Intracellular structures of HeLa cells are observed using a direct electron beam excitation-assisted fluorescence (D-EXA) microscope. In this microscope, a silicon nitride membrane is used as a culture plate, which typically has a low biocompatibility between the sample and the silicon nitride surface to prevent the HeLa cells from adhering strongly to the surface. In this work, the surface of silicon nitride is modified to allow strong cell attachment, which enables high-resolution observation of intracellular structures and an increased signal-to-noise ratio. In addition, the penetration depth of the electron beam is evaluated using Monte Carlo simulations. We can conclude from the results of the observations and simulations that the surface modification technique is promising for the observation of intracellular structures using the D-EXA microscope.
© 2015 Optical Society of America
Silicon nitride membranes are used as culture plates in various microscopy technologies such as atmospheric scanning electron microscopy , scanning electron generation X-ray microscopy , scanning transmission electron microscopy , and electron beam excitation-assisted optical microscopy . In atmospheric scanning electron microscopy, the silicon nitride membrane window is used as the bottom of an open culture dish to observe biological samples in the open environment , where the samples in the culture medium can be observed with high resolution.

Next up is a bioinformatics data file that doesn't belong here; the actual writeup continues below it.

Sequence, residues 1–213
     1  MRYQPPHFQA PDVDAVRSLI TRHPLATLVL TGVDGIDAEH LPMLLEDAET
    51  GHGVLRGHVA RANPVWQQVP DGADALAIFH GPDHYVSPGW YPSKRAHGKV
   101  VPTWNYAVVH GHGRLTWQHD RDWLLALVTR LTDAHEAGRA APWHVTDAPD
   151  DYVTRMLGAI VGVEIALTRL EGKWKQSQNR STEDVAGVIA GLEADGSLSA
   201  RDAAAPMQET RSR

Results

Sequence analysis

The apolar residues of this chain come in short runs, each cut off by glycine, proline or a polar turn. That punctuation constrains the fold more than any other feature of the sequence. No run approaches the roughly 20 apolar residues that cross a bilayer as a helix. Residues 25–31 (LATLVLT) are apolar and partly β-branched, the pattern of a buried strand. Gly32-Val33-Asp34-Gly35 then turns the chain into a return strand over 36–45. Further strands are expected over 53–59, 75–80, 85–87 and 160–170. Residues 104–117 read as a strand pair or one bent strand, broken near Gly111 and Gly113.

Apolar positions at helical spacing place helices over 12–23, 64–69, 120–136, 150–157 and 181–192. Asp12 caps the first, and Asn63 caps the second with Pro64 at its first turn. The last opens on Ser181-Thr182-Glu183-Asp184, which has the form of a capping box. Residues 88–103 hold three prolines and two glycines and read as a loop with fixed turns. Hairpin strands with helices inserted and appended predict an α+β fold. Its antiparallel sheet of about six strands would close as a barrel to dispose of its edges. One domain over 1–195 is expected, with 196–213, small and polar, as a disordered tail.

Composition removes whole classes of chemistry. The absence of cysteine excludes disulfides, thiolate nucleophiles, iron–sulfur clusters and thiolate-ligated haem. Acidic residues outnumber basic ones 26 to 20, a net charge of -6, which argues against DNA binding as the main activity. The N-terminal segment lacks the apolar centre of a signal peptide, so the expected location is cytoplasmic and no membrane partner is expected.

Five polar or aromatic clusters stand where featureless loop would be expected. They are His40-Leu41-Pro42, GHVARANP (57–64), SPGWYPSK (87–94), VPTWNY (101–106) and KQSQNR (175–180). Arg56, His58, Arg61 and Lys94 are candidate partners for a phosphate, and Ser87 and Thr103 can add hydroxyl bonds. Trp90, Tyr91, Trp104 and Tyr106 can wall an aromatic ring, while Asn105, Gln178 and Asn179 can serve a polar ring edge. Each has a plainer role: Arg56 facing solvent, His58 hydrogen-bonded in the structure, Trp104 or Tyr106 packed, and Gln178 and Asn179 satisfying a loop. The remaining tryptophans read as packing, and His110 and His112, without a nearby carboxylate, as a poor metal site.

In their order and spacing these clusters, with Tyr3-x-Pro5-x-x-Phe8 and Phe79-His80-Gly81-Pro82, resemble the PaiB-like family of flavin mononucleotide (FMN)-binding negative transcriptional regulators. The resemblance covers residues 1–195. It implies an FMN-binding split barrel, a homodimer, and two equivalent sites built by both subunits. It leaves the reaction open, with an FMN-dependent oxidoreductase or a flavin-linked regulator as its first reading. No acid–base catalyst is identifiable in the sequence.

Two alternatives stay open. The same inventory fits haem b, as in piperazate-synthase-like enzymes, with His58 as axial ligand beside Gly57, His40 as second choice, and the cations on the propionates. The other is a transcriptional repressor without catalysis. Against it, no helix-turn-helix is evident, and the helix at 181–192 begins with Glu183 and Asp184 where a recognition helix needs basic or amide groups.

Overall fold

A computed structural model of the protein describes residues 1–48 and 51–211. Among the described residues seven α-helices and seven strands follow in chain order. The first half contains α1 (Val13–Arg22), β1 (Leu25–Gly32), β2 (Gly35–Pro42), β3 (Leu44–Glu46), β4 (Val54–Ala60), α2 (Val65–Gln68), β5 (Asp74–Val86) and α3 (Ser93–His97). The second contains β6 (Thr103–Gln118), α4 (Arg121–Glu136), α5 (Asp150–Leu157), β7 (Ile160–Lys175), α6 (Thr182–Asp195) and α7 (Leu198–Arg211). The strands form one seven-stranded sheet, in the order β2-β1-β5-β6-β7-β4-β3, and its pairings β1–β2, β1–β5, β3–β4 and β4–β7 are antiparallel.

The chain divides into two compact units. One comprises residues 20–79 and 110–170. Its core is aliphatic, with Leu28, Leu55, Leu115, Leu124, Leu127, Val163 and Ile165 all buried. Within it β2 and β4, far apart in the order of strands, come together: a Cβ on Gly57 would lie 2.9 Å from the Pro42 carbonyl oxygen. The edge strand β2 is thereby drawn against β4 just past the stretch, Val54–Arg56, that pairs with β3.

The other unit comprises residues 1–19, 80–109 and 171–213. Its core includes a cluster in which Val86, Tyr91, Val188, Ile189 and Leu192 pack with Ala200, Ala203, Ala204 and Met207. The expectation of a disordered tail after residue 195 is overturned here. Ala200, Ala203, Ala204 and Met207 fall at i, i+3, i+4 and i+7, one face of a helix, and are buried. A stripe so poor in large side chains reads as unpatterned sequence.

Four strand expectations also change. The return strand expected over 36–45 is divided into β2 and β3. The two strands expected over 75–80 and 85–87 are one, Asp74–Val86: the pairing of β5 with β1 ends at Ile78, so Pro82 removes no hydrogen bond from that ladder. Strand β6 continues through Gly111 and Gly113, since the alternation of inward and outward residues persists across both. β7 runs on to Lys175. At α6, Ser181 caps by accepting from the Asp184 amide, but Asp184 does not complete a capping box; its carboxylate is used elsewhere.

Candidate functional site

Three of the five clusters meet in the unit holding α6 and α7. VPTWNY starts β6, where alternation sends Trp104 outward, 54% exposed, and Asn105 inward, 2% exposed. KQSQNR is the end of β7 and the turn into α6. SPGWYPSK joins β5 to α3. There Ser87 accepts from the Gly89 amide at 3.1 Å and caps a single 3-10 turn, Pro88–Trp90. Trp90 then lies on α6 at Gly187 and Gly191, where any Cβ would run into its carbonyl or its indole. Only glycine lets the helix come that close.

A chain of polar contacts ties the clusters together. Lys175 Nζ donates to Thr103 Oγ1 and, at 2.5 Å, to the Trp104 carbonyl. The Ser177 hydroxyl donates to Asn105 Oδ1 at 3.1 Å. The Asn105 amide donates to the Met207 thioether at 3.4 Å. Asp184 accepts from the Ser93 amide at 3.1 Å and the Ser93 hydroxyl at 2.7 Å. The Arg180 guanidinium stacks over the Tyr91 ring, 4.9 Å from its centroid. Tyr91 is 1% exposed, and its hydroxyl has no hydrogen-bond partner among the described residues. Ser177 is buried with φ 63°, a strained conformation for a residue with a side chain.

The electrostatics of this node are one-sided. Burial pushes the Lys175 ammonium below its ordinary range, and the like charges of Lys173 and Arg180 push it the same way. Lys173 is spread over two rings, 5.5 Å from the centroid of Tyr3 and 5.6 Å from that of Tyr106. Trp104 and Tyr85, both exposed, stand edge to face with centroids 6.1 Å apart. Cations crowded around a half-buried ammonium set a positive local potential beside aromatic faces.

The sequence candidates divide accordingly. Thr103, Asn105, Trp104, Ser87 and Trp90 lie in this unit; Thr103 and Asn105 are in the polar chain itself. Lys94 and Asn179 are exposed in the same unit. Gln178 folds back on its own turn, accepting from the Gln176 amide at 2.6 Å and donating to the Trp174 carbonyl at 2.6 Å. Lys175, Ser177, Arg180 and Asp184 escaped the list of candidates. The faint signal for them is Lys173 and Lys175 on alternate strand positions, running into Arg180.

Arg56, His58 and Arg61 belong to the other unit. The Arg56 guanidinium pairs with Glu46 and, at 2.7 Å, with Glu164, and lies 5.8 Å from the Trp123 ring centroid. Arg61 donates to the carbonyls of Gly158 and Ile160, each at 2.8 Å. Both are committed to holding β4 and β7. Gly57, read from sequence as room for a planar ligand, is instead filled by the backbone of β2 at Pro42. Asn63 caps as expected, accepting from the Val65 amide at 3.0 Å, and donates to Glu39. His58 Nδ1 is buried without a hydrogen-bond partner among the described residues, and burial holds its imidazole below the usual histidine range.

Silicon nitride membranes are also used as a culture plate in the direct electron beam excitation-assisted fluorescent (D-EXA) optical microscope we have developed [5,6], which possesses a higher resolution than that allowed by the diffraction limit of conventional optical microscopes because the specimens are excited with a focused electron beam. In D-EXA, the silicon nitride membrane separates the atmosphere and the vacuum, and we can observe living specimens in the same conditions as those used in conventional optical microscopy. This is because vacuum conditions are not required on the sample side and the biological samples can be placed in atmospheric pressure. It is therefore possible to dynamically observe the activities of cell organelles and granules in real time with high spatial resolution using the D-EXA microscope.